The Smallest Temple of the Acropolis
The Temple of Athena Nike was built during the interruptions of the Peloponnese War, and was the earliest Ionic Temple to be built on the Acropolis, with work starting in 427 B.C.
Though this temple is a small one, it is made entirely of marble. Its position on the front of the Acropolis was purposeful, in that the people of Athens could easily worship the Goddess of Victory during times of war, in the hope of a prosperous outcome.
It was Athens ambitions to be seen as a world power, such as Persia, that prompted the decision to build the temple. As with other temples on the Acropolis, the temple was beautifully decorated with friezes. These depicted the meeting between the Gods Athena, Zeus and Poseidon.
This meeting signifies the religious beliefs of the Athenians, and the hope of creating favour with the Gods, in order for the temple to be worshiped. This would have been particularly necessary especially during the political climate at this time.
The frieze also illustrated the victory by an alliance of Greek city states over the Persians at the battle of Plataea, which took place in 479BC. This depiction was to remind the Athenians of their past days of glory, and to raise moral and spur them on in the current climate.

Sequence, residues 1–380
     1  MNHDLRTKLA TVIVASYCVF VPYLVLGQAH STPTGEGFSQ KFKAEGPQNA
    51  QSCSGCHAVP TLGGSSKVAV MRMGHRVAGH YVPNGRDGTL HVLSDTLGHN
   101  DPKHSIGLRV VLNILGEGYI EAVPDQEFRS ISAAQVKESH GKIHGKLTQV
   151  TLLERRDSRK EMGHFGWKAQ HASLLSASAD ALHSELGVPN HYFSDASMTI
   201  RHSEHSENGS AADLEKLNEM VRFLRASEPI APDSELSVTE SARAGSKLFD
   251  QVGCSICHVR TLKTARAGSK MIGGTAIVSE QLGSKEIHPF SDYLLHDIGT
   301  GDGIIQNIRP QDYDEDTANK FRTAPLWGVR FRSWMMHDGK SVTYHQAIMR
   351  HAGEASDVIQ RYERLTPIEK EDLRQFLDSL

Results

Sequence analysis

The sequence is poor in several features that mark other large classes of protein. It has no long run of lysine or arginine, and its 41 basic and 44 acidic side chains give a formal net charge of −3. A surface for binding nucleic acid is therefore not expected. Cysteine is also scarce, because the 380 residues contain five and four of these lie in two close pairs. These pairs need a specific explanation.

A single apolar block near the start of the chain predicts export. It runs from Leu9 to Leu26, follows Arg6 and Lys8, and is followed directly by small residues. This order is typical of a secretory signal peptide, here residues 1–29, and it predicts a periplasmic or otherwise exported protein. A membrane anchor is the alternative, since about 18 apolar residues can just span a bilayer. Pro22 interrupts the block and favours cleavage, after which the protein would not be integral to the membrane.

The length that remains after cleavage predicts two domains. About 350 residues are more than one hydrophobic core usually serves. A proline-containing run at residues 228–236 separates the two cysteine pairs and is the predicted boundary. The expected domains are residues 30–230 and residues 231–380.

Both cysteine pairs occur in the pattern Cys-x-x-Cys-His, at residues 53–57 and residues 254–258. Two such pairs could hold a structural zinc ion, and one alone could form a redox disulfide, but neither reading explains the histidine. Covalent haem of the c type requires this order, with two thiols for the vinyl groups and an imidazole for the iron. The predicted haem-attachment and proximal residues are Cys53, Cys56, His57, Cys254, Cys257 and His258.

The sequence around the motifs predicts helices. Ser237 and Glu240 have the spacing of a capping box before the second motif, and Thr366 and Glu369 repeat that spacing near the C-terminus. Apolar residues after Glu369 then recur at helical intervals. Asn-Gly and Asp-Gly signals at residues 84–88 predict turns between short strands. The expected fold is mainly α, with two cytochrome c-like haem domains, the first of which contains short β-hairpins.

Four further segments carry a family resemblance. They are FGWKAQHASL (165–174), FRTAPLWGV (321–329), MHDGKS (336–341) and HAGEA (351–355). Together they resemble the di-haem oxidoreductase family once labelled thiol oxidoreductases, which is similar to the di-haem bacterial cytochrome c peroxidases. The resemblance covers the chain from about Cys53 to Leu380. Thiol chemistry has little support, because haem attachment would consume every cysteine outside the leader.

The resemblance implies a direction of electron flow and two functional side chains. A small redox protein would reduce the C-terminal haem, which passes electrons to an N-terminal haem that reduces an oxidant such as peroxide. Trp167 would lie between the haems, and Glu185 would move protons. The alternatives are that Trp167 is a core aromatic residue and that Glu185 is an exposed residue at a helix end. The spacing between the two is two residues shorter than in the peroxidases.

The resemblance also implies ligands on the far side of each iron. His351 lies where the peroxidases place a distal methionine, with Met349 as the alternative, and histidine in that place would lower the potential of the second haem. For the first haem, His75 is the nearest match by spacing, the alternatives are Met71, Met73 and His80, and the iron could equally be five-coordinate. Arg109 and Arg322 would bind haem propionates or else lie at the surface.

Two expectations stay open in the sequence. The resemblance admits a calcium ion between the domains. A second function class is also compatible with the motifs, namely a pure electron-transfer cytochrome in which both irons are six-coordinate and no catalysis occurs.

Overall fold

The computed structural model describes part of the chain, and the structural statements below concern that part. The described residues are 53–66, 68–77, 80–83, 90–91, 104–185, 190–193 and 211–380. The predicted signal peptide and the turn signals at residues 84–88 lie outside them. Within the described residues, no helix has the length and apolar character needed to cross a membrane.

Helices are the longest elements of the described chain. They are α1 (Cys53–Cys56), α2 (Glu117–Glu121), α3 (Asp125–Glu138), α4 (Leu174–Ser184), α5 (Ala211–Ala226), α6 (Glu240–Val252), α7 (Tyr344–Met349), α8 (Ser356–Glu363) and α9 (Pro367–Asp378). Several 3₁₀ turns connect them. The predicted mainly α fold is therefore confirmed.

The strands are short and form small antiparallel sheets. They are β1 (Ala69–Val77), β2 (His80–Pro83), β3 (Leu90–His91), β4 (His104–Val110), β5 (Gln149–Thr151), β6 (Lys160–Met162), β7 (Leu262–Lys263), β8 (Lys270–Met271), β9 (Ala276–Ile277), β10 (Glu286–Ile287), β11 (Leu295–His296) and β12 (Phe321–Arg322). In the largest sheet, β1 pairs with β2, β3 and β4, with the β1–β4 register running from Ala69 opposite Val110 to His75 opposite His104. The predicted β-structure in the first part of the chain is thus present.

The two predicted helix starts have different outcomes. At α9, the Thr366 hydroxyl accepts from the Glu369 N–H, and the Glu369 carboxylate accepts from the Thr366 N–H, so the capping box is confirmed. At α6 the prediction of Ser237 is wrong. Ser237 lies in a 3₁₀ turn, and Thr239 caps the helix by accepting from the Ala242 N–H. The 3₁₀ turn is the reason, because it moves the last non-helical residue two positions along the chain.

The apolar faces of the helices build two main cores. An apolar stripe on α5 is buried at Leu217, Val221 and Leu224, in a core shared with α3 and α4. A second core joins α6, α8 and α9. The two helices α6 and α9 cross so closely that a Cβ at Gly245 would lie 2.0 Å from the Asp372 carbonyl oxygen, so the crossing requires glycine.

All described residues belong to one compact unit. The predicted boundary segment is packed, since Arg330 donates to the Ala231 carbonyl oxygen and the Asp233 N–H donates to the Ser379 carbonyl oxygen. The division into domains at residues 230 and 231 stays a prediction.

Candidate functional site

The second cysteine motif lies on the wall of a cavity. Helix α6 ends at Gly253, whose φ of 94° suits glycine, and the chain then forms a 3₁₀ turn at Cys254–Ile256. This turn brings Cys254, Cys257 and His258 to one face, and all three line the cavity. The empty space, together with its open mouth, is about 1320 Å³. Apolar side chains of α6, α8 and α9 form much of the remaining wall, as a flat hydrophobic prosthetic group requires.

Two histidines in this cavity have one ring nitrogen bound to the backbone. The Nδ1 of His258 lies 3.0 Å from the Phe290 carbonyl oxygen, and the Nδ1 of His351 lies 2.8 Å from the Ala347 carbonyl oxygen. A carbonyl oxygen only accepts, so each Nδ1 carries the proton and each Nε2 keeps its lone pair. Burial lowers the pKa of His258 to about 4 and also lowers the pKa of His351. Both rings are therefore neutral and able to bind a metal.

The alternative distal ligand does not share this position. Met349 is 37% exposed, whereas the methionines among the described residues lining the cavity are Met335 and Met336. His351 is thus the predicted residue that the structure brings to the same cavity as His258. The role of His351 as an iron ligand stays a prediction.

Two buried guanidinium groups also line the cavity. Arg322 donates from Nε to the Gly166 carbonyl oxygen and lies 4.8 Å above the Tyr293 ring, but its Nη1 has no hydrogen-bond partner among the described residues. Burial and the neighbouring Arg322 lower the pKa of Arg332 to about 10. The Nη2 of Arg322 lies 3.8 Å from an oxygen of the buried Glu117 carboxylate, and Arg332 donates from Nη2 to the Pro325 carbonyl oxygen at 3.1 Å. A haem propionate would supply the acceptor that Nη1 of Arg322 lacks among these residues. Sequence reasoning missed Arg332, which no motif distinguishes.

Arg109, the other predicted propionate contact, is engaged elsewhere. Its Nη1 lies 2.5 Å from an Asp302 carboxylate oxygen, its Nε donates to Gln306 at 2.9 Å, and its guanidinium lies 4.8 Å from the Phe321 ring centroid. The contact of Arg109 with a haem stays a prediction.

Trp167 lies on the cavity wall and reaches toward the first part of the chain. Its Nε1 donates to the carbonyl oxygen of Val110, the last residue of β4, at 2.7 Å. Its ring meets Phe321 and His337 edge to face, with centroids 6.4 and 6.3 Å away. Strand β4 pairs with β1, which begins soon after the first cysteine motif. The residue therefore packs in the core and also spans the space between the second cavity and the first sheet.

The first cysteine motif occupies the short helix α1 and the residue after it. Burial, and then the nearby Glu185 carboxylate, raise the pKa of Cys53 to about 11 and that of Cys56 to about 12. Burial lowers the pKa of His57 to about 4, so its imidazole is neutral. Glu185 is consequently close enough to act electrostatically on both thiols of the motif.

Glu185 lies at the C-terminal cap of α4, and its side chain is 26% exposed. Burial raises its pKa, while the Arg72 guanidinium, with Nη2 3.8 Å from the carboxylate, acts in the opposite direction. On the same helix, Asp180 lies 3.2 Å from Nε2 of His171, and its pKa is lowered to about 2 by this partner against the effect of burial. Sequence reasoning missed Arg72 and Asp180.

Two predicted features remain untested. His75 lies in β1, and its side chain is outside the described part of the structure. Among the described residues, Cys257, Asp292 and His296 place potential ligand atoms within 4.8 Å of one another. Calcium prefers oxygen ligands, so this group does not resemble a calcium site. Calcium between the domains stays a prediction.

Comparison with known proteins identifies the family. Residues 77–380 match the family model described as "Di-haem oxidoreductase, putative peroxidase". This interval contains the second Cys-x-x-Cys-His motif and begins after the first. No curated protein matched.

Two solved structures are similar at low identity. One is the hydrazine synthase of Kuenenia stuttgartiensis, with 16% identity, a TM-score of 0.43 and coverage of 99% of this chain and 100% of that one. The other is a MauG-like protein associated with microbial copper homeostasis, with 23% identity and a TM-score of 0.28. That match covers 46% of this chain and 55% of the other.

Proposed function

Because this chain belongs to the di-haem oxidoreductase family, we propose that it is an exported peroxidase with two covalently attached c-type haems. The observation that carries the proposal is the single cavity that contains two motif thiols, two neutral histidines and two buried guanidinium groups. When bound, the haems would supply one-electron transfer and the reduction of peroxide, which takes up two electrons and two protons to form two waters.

On completion of the temple, a Parapet (lower wall) was added for extra protection. This parapet was one of the several signs that Athens wanted to resolve her battle with Sparta. In the temple, there was a statue of Athena as “Nike Apterus”, the Goddess without her wings, in the cellar. It is believed that the wings were removed by Athenians, who hoped that this would make Athena remain in the city for success over the Spartans.